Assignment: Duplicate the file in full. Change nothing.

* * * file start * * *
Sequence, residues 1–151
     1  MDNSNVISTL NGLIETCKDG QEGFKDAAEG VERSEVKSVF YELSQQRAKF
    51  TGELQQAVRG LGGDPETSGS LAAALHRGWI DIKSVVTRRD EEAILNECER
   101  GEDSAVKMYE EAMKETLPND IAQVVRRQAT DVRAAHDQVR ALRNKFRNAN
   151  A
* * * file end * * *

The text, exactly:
Sequence, residues 1–151
     1  MDNSNVISTL NGLIETCKDG QEGFKDAAEG VERSEVKSVF YELSQQRAKF
    51  TGELQQAVRG LGGDPETSGS LAAALHRGWI DIKSVVTRRD EEAILNECER
   101  GEDSAVKMYE EAMKETLPND IAQVVRRQAT DVRAAHDQVR ALRNKFRNAN
   151  A